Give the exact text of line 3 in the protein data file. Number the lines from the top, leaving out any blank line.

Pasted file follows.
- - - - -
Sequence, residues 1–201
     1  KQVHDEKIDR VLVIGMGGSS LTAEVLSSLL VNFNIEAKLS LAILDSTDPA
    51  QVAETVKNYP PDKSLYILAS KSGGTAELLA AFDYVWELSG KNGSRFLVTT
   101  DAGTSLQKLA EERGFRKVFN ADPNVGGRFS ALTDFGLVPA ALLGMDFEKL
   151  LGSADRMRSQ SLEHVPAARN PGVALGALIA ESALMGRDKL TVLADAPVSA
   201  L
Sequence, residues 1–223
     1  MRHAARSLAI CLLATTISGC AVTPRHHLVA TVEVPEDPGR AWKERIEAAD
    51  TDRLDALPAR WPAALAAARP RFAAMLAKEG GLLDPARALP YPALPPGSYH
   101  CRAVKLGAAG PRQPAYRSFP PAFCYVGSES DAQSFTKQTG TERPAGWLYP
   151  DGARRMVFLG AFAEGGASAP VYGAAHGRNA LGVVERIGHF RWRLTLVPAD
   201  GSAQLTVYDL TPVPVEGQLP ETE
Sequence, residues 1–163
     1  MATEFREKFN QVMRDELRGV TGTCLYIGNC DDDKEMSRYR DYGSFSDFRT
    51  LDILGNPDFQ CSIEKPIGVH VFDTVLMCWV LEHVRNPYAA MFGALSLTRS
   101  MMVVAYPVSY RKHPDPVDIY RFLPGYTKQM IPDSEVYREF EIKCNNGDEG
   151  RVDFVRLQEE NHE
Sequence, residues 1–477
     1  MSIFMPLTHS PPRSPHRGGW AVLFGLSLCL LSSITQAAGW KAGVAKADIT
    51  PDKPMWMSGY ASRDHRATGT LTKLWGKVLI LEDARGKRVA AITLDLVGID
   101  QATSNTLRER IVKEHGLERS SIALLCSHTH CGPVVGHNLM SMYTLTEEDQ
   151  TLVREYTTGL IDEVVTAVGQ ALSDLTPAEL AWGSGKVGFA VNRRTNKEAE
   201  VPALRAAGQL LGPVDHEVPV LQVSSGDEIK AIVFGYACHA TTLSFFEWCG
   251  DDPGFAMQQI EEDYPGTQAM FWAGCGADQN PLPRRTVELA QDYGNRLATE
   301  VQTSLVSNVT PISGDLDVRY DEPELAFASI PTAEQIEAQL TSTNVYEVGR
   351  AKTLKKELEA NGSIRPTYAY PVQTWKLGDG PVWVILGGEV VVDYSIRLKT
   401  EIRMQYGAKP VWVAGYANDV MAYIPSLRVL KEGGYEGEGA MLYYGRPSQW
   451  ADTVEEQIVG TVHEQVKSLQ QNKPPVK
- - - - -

    51  QVAETVKNYP PDKSLYILAS KSGGTAELLA AFDYVWELSG KNGSRFLVTT